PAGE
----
Poem by Emily Bowles’ grandmother (below) and a collection of stuffed animals stitched by those same hands (above). Emily now seeks answers in these same pursuits.

Board Member Essay:Intergenerational Creative Communities for fsm.

Editorials Aug 29, 2023

by Emily Bowles

When  I  read  Virginia  Woolf’s  A  Room  of  One’s  Own  25  or  so  years  ago,  I  thought  I’d  discovered what was missing from my identity as a reader, writer, and woman: a lineage of authorship that valued and welcomed voices like mine.  I was a Southern girl who’d spent more years than I care to acknowledge affecting a fake British accent to defy my roots, whose unfortunate bowl cut and stick-figure teenage body led to frequent misgenderings and bullying, and whose writing went from ubiquitous to absent once I (paradoxically) read Woolf and realized that I would never write with that luminescent beauty, equally capable of embracing the universal and making the particular uniquely accessible.

That’s why I sought out historical women’s writing.  I wanted to build a family tree of sorts, one that showed not just me but others who felt marginalized, silenced, misremembered, or  unheard  that  there  were  precedents  and  places  for  us,  that  others  including  Aphra  Behn, Phylis Wheatley, Eliza Haywood, Charlotte Smith, Sarah Scott, Elizabeth Carter, Delarivier Manley, and so many more had written and been read, and that in rediscovering them, we could create nexuses of safety for speech, for self-expression.

Recovery work as an academic meant finding these women and recuperating them, often  using  a  twinned  tactic  of  formal  critical  appreciation  (e.g.,  demonstrating  that  their  works  met  and  exceeded  both  aesthetic  and  commercial  standards  we  have  historically used only to qualify the works of men) and feminist literary theory.  Over twenty years later, these women remind me that all voices have value, even when acts of violent suppression remove them—like Philomela’s tongue—from the literary canon.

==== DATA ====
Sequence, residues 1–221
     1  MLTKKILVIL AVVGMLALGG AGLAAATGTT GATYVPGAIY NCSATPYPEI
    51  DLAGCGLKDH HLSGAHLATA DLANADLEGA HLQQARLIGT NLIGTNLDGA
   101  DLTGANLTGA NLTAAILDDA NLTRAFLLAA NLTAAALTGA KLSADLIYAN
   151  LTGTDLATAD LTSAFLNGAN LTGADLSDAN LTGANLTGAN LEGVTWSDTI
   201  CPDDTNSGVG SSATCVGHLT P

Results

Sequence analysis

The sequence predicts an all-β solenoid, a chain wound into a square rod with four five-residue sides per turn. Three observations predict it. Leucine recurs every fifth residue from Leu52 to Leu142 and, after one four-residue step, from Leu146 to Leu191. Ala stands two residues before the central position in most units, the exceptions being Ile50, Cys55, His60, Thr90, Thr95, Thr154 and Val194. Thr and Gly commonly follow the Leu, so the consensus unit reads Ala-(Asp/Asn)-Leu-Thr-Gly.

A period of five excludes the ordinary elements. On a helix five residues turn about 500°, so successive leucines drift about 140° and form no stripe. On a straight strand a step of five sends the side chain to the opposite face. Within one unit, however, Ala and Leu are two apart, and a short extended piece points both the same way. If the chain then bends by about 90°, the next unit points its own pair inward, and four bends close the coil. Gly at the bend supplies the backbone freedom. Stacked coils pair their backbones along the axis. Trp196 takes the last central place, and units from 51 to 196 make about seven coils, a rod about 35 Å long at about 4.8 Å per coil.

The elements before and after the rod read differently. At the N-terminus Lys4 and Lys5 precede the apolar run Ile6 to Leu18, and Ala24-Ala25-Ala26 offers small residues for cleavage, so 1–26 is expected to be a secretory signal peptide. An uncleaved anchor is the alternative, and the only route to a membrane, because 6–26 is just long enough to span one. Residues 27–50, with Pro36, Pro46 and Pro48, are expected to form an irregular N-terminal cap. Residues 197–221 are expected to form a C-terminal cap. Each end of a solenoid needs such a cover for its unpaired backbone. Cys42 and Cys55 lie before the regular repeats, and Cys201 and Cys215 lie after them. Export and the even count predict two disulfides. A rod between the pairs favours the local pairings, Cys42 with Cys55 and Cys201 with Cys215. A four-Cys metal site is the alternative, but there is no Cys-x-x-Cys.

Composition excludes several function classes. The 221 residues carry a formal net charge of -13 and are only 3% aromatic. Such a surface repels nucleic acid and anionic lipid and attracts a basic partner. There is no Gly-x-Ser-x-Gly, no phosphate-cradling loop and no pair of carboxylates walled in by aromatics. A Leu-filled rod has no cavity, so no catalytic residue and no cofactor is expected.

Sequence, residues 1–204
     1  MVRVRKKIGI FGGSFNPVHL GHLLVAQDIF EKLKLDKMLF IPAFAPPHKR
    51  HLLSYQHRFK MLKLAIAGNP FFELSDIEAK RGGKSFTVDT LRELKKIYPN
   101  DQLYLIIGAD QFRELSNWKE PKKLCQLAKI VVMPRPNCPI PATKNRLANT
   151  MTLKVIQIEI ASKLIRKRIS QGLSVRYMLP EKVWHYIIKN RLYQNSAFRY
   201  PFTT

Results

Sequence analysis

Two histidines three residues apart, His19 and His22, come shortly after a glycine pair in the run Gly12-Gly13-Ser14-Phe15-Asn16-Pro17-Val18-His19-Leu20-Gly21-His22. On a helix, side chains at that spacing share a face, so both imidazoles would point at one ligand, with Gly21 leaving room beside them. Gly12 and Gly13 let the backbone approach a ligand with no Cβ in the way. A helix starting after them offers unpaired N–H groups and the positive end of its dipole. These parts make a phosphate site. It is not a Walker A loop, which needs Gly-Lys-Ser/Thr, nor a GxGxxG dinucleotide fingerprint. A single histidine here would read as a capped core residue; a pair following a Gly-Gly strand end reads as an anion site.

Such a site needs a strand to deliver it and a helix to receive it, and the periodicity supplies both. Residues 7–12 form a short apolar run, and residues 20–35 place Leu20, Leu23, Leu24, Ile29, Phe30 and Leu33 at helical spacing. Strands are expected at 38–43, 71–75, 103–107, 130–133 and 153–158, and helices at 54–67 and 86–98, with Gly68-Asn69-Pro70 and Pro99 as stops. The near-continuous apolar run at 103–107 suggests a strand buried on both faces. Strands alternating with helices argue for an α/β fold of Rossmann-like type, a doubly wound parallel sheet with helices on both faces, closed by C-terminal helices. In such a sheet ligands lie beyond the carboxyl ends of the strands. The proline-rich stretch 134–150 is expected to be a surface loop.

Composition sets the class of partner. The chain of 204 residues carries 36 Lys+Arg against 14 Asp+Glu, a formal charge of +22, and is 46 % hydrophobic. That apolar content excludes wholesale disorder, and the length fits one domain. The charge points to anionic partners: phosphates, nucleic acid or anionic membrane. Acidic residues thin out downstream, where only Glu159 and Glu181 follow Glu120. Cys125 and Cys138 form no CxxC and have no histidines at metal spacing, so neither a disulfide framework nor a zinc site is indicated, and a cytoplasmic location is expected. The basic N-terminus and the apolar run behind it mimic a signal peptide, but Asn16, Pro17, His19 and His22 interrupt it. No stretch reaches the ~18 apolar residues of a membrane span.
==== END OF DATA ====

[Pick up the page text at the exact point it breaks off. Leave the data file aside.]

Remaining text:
What  grad  school  did  not,  however,  teach  me  was  that  archives  are  living,  breathing  things, and in searching for my own voice, I’ve discovered that every community has its own library of stories. Like many of us, though, I put the least value on the ones closest to me, subconsciously believing that “real” writers were different from my mother, my grandmother,  and  the  people  whose  art  felt  almost  too  natural,  too  visceral  to  count,  based on the constructs I’d internalized.  

Now I see that my grandmother wrote poems that, had she read them at an open mic, I would have wished I’d written, and that my mother’s passion for libraries coupled with her later-in-life pursuit of a graduate degree that led her to teach Classical mythology played a critical role in inspiring me.

Like me, my grandmother struggled with anxiety, and the poetry she wrote is in many ways like mine, its surface concealing what she didn’t want to say yet needed to put on a page.  She also found ways to make meaning when words failed or limited her: she made sock monkeys, stuffed dogs, and hippos, all of which I’ve stitched together now too, often during phases of writer’s block.  

My mother is different.  She’s never published poetry or viewed herself as a writer; however,  she  went  back  to  grad  school  when  I  was  in  high  school,  and  I  have  a  copy  of a Shakespeare edition with our mutual annotations.  There’s a dialogue there that I didn’t see, a conversation we had across words and through them even when we weren’t talking about iambic pentameter.  

I’ve  even  found  community  with  my  ex-husband’s  wife’s  mother,  who  is  a  local  Poet  Laureate  and  writes  poetry  that  showcases  the  beauty  of  home,  family,  and  place  in  ways  that  make  me  see  this  state—the  state  of  Wisconsin,  our  states  of  being—in  brilliant, beautiful new ways.  

As  creatives,  it’s  often  easy  to  dismiss  our  origins,  our  closest  antecedents  in  favor  of  what we’re led to believe has more aesthetic and intellectual value.  When we do this, we’re losing site of our inherent worth—and continuing to marginalize voices, artwork, and  artefacts  that  possess  their  own  magic,  bigger  and  more  encompassing  than  anything we’re taught in school.  As fsm. continues to grow, I hope others will discover in it space to share iterations of creativity that tell their stories rather than the stories we’re taught to appreciate or the ones we’re expected to share.

Poem by Emily Bowles’ grandmother